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Companies rush to tap US bond market as credit conditions ease


Companies have rushed to borrow money in the US corporate bond market in the first week of the year, taking advantage of easier financial conditions as investors scale back their expectations for the path of future interest rates.

In the first seven days of 2023, companies from Credit Suisse to Ford issued $63.7bn worth of US-marketed debt, according to data from Dealogic, compared to a total of $36.6bn in the last five weeks of 2022.

While this week’s issuance is lower than the $73.1bn issued in the first week of January 2022, interest rates have jumped from near zero to a range of 4.25-4.5 per cent since then. This has significantly raised the cost of borrowing, with more tightening yet to come from the Federal Reserve.

Although the cost of borrowing is far higher than it was a year ago, it has dropped since peaking in October as cooling inflation has tempered expectations of how long the Fed will have to keep interest rates high.

This is despite the central bank’s insistence that it will keep interest rates elevated until it reaches its target 2 per cent inflation rate. Treasury yields have fallen as investors bet that interest rates will peak at around 5 per cent in June, bringing yields on corporate debt lower too.

“If the 10-year Treasury stays at these levels for an extended period of time, you will see more issuance come to market. And it’s not just lower levels, it is lower volatility. The more volatility there is in rates, the less corporate issuance,” said Will Smith, director of US high-yield credit at AllianceBernstein.

Column chart of $bn showing Corporate bond issuance in the first 7 days of January

Issuance is typically high in January, because demand is lower in December as many investors go on vacation. December was particularly slow in 2022 because the holidays were immediately preceded by a high-stakes Fed meeting at which the central bank changed the pace of its monetary tightening.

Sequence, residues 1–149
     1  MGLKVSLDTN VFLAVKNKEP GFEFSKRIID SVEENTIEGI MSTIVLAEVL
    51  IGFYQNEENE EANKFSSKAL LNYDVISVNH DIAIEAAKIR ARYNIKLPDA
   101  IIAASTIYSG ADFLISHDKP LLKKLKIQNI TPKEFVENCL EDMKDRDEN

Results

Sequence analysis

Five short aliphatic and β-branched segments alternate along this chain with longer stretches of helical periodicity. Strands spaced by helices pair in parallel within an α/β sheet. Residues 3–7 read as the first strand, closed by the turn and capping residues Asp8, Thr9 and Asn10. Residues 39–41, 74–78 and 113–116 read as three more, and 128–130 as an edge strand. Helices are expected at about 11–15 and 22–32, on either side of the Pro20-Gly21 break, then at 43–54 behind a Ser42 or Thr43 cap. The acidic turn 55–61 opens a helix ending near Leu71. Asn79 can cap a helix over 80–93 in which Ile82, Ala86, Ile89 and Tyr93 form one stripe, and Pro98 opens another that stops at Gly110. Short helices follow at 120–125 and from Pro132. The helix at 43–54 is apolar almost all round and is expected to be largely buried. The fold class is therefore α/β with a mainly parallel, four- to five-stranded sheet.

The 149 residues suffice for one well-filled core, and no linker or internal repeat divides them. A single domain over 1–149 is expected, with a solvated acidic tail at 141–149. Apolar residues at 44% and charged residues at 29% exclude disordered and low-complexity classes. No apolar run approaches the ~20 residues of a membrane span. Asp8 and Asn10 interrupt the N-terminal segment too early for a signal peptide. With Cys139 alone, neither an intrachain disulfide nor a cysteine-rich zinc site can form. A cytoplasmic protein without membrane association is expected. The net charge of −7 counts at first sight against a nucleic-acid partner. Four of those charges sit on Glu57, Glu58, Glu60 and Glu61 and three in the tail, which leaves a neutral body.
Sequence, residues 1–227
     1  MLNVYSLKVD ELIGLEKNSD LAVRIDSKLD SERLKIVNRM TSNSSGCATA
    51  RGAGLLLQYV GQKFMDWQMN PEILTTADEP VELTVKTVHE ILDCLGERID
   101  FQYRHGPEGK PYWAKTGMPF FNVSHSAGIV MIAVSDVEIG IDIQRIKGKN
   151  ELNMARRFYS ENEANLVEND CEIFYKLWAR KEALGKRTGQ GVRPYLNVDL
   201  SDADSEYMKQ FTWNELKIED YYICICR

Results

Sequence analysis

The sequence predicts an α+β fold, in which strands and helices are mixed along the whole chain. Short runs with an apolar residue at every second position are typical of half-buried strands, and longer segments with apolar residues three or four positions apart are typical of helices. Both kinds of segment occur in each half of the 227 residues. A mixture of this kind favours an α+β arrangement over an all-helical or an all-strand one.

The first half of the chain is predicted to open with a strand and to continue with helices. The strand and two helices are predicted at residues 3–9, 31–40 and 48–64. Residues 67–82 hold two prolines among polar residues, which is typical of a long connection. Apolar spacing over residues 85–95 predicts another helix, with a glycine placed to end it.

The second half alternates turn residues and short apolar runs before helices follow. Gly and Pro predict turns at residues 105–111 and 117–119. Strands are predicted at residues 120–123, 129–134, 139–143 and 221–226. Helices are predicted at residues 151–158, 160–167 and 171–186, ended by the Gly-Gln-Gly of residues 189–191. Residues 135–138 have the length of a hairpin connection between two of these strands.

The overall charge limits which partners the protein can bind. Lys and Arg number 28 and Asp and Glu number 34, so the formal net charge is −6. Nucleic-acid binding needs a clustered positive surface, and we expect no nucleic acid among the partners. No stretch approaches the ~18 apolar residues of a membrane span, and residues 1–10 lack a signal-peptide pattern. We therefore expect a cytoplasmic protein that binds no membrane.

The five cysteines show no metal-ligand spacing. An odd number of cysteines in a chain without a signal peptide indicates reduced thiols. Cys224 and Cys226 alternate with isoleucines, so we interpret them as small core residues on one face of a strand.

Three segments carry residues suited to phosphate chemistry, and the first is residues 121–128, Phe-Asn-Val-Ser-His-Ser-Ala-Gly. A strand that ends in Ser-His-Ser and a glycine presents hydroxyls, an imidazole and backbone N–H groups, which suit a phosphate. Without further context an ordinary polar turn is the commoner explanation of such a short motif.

In the minutes from its December meeting released this week, Fed officials warned that “unwarranted easing in financial conditions, especially if driven by a misperception by the public of the committee’s reaction function, would complicate the committee’s effort to restore price stability”.

Several of the issuers this week, including Société Générale and UBS, had initially begun to feel out interest at the beginning of December only to find an extremely slow market, according to a credit investor who wished to remain anonymous because of the confidential nature of the discussions.

The majority of issuance this week was investment grade, with notable offerings from foreign banks with big businesses in the US and just one high-yield offering from Ford, which ranks high on the spectrum of junk ratings.

Line chart of Goldman Sachs US financial conditions index showing US financial conditions have eased slightly since October peak

John McClain, a high-yield portfolio manager at Brandywine Global, said he had low expectations of more high-yield issuance in the coming weeks as the magnitude of the Fed’s next interest rate increase at the end of January is unclear.

“High-yield borrowers are more sensitive to interest rate increases, and so if you don’t have to come to market, you are probably playing a bit of a waiting game,” he said.

Corporate yields have fallen further than those on Treasuries, with the difference between the two — the premium that investors demand to hold riskier corporate bonds over risk-free Treasuries — also shrinking since October. That is typically an indication that investors see lower risk of default, suggesting some have scaled back their expectations for the magnitude of the slowdown in the US economy this year.

“The credit market is clearly telling the equity market: we don’t see a recession, and if we do see one, it will be a mild one,” said Andy Brenner, head of international fixed income at NatAlliance Securities.

But some investors who are persuaded that a recession is coming argued that the lower premiums companies were paying to borrow were not enticing enough for investors, even in the investment-grade market where the risk of default is much lower.

“Spreads are very tight for where we are in the economic cycle, so you need to be selective,” said Monica Erickson, head of investment-grade credit at DoubleLine Capital, who said that of the 34 deals on Wednesday and Thursday, she participated in two.

“Obviously, other people are buying because the deals are getting done, but we’re being very selective in what we buy.”



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